Our military forces are filled with customs, traditions, and special remembrances that the general public is not aware of. A current tradition at the Pentagon, instituted several years ago, is full of dignity and respect for our wounded warriors.
I don’t know how many of you are aware of the special goings-on at the Pentagon, but it would do us proud to realize that a little-known ceremony fills the halls of the Army corridor of the Pentagon with cheers, applause, and many, many tears every Friday morning.
Army Lt. Col. Robert Bateman tells us: “It is 110 yards from the E ring to the A ring of the Pentagon. This section of the Pentagon is newly renovated; the floors shine, the hallway is broad, and the lighting is bright. At this instant the entire length of the corridor is packed with officers, a few sergeants and some civilians. There are thousands here.
“This hallway, more than any other, is the ‘Army’ hallway… Moderate conversations flow in a low buzz… Everyone shifts to ensure an open path remains down the center… The temperature is rising already. Nobody cares.
“10:36 hours: The clapping starts at the E-Ring… A steady rolling wave of sound it is, moving at the pace of the soldier in the wheelchair who marks the forward edge with his presence. He is the first. He is missing the greater part of one leg, and some of his wounds are still suppurating…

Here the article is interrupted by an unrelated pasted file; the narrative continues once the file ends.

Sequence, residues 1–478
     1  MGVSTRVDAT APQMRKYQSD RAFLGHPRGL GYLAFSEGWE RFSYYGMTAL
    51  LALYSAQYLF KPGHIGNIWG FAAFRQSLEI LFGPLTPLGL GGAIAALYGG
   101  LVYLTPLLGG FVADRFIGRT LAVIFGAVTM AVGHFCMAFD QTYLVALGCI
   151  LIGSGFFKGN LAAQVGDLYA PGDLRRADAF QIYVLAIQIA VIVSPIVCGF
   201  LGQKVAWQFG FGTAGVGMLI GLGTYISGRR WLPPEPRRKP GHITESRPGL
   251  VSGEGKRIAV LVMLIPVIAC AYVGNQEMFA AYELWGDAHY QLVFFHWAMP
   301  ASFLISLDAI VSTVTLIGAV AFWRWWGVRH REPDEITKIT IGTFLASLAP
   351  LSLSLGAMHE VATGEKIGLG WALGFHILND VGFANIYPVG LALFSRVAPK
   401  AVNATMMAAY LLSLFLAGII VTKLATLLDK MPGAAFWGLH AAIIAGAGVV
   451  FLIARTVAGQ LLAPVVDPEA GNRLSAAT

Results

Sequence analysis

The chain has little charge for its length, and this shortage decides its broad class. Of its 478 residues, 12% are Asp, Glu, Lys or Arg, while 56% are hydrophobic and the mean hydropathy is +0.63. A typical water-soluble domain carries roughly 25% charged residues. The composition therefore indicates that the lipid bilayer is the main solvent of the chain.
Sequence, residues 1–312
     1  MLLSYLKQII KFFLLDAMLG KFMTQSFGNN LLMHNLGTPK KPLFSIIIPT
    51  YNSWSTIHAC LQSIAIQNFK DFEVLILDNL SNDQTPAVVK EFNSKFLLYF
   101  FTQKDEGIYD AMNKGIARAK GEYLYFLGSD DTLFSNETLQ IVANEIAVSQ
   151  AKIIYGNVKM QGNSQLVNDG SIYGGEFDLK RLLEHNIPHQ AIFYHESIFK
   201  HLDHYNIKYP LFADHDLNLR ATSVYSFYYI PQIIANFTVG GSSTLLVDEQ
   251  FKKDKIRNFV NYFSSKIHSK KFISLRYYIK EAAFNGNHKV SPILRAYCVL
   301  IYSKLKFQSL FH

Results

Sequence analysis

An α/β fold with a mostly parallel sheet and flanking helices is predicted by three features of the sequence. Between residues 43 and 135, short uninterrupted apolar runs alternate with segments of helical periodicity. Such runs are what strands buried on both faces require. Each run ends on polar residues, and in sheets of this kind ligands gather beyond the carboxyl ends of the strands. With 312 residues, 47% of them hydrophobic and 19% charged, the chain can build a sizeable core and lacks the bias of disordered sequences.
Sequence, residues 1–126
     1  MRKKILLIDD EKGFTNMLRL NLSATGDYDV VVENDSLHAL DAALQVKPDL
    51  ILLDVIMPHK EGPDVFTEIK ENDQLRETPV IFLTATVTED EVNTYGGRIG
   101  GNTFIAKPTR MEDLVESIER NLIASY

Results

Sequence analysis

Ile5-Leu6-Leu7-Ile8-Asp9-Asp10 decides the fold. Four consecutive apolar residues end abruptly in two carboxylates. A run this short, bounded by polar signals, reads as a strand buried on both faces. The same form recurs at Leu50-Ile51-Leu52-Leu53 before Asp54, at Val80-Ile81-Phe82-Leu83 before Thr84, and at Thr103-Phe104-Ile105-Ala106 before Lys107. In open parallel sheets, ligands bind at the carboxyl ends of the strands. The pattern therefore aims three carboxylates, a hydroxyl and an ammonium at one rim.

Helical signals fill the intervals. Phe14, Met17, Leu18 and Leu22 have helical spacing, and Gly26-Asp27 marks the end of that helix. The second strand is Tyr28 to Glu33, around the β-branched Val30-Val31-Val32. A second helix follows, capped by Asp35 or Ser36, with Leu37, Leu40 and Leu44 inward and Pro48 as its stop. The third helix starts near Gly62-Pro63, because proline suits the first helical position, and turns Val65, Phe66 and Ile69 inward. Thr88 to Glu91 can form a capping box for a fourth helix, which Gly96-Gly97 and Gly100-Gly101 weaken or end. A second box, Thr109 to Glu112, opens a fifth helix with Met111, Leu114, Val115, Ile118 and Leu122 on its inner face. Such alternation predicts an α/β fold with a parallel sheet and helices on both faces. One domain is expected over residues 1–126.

“There are families with them as well: the 18-year-old war-bride pushing her 19-year-old husband’s wheelchair and not quite understanding why her husband is so affected by this, the boy she grew up with, now a man, who had never shed a tear, is crying; the older immigrant Latino parents who, perhaps more than their wounded mid-20s son, an appreciation for the emotion given on their son’s behalf. No man in that hallway, walking, or clapping, is ashamed by the silent tears on more than a few cheeks. An Airborne Ranger wipes his eyes only to better see. A couple of the officers in this crowd have themselves been a part of this parade in the past…
“Broken in body they may be, but they are our brothers, and we welcome them home. This parade has gone on, every single Friday, all year long, for more than four years.”
To know that our wounded warriors are honored by their fellow service men and women after they’ve sacrificed so much for our freedom, makes Americans speak with pride of their honor among us.
Kitty Maiden is a staff writer for Seniors Today.